17 March
John Ivison: Crimea crisis forcing Harper to rethink NATO, Arctic defence
There is a growing consensus the Harper government’s hard line over events in Ukraine is going to require a radical new defence doctrine
Canada slaps sanctions on Crimean, Russian officials
The sanctions are in response to Crimea’s referendum held Sunday to break away from Ukraine and rejoin its former political master Russia, which the West has denounced as illegal.
Harper is scheduled to travel to Ukraine on Saturday to meet with Ukrainian interim prime minister Arseniy Yatsenyuk.
He will be the first G7 leader to visit the country since tensions broke out between Ukraine and Russia over the Crimean peninsula
12 March
“Our Environment Division was eliminated and all expertise has long since left”
(Press Progress) Canada’s department of foreign affairs admits it no longer has any in-house expertise on multilateral chemicals conventions to which Canada is a signatory.
The blunt admission, found in newly released internal records released to PressProgress under Canada’s access to information law, was made just as the department was set to dispatch a senior departmental official to head the Canadian delegation at a United Nations summit in Geneva in June 2011 to derail efforts to list chrysotile asbestos as a hazardous material under the Rotterdam Convention.
5 March
Ukrainians in Canada could be game-changers in federal election
Federal political parties have been staunchly showing support for pro-Western aspirations in Ukraine and condemning Russian aggression in the Crimean peninsula. The fact there are more than 1.2 million Canadians of Ukrainian descent may help explain this.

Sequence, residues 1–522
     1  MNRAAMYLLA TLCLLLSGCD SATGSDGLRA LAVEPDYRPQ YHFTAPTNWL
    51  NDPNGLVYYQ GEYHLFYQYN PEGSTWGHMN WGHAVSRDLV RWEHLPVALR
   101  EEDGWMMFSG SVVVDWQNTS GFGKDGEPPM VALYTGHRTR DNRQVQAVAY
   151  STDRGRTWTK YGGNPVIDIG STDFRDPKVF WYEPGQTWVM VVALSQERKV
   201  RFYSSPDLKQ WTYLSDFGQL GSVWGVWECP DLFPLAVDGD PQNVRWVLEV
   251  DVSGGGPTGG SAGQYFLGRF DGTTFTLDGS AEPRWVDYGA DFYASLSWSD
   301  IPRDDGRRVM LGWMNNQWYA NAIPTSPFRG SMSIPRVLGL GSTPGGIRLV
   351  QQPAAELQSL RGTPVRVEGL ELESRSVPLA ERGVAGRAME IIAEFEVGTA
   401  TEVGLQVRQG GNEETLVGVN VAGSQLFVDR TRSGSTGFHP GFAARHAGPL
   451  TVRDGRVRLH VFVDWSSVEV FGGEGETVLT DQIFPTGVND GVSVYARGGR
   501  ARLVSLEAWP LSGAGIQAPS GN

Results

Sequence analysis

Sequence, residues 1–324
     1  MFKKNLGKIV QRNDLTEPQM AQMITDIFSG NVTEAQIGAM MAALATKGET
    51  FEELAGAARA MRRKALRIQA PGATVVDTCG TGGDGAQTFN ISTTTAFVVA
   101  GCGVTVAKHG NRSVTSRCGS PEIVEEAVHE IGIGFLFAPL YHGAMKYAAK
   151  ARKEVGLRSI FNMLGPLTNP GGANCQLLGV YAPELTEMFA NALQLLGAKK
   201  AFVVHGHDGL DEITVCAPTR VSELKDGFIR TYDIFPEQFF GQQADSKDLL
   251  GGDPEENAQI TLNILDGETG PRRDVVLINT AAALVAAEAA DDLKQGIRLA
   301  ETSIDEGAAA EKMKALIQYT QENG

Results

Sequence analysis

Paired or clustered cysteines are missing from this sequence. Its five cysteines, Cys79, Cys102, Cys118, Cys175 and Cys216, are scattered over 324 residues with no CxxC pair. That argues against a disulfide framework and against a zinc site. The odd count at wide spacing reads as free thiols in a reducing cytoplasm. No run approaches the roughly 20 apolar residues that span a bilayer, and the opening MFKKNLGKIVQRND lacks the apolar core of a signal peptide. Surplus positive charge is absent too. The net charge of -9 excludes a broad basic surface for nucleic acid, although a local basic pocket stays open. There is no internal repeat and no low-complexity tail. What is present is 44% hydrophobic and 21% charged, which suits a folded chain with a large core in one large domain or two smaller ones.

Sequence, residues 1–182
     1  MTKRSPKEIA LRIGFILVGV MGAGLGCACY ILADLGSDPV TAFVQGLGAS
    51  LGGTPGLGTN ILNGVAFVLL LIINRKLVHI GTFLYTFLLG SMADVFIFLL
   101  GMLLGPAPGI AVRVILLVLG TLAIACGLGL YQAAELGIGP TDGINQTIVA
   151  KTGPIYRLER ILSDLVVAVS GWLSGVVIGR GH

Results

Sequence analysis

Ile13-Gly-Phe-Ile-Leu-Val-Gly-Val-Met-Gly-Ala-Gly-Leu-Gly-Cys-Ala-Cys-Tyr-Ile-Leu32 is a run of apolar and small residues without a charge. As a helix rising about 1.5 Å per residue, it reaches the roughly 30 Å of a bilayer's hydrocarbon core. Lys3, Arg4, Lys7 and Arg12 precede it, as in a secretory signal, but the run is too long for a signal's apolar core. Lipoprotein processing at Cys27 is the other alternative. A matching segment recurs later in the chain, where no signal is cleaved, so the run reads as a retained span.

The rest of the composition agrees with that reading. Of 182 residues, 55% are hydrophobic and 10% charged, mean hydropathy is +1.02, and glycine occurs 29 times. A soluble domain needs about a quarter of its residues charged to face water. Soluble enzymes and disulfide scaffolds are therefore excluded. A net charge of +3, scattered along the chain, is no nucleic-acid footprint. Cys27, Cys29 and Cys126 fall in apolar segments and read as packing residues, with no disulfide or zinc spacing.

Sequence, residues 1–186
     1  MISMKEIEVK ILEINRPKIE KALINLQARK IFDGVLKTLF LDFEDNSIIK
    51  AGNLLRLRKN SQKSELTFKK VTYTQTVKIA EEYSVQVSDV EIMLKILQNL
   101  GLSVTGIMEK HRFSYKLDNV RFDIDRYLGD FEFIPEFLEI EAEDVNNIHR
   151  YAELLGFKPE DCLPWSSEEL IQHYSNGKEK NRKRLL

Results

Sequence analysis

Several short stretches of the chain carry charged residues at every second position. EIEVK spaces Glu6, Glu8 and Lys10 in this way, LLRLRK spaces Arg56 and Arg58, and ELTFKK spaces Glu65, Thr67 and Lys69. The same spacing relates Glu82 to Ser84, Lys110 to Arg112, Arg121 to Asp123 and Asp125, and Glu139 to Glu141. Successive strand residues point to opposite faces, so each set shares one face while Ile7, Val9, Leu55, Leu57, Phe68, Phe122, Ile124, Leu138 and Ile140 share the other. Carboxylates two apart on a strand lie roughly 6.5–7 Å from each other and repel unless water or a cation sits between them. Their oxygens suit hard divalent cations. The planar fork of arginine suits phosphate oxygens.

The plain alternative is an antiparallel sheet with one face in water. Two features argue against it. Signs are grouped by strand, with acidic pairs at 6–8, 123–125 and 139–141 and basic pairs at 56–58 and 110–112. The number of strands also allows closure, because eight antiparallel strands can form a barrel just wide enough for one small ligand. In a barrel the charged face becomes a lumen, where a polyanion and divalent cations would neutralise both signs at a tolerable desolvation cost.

An Ottawa Citizen analysis shows that Canadians identifying themselves as being of Ukrainian represent a potentially game-changing voting bloc in dozens of federal ridings. The fact ridings with large Ukrainian-Canadian populations in Toronto, Winnipeg and parts of Saskatchewan were hotly contested in 2011 speaks to the importance of each party being active on Ukraine.
3 March
Ottawa reduced to ‘gestures’ on Ukraine, say former top envoys
Ex-diplomats and experts divided over Canada’s recall of ambassador
(CBC) Those scathing reviews came from two of the county’s most distinguished ex-diplomats: Jeremy Kinsman, who has served as Canada’s senior envoy to Russia, Britain, Italy and the European Union, and Paul Heinbecker, the former ambassador to the United Nations and an adviser to past Conservative and Liberal prime ministers. … Kinsman said that recalling Canada’s ambassador and suggesting the Russia’s envoy to Ottawa could be next is “silly” and that the government simply wants to be “seem to be doing something.” “That’s just childish,” he added. “Georgiy Mamedov is the dean of the diplomatic corps. He’s being there for 11 years, he’s been dealing with Canada for 30. He’s a professional.”
1 March
Doing a deal in Ukraine
By Christopher Westdal
We have no decisive role to play, but by expressing our solidarity, promising our help, restraining radicals, urging active respect for Russian-speaking Ukrainians and disavowing further NATO expansion, all while urging Russia and the Europeans to make peace, space and better choices for Ukraine, Minister Baird might help ease Ukrainians’ precarious passage. That would be good. They need all the help they can get.
(iPolitics Insight) … Amid the maelstrom, it may be difficult for the Minister to conduct much real business. Beyond expressing our genuine solidarity and promising to sustain our technical cooperation, flexibly, creatively, and to contribute to the IMF-led financial rescue, generously, I see two main contributions we might make. The first I expect we will; the second maybe not.
First, playing to our strength, our credibility on the Maidan and in western Ukraine, Minister Baird can urge Ukrainian nationalists to go out of their way to respect their Russian-speaking compatriots. It is surely troubling that one of the first acts of the new authorities was to strip the Russian language of its official status.